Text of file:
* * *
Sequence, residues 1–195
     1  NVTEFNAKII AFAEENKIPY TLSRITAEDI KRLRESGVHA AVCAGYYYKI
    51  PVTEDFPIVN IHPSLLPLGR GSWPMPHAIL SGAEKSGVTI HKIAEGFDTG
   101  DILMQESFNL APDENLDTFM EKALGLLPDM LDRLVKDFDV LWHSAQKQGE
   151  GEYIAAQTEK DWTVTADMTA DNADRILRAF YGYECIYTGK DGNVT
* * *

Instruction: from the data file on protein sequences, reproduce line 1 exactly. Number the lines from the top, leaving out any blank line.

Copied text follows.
Sequence, residues 1–195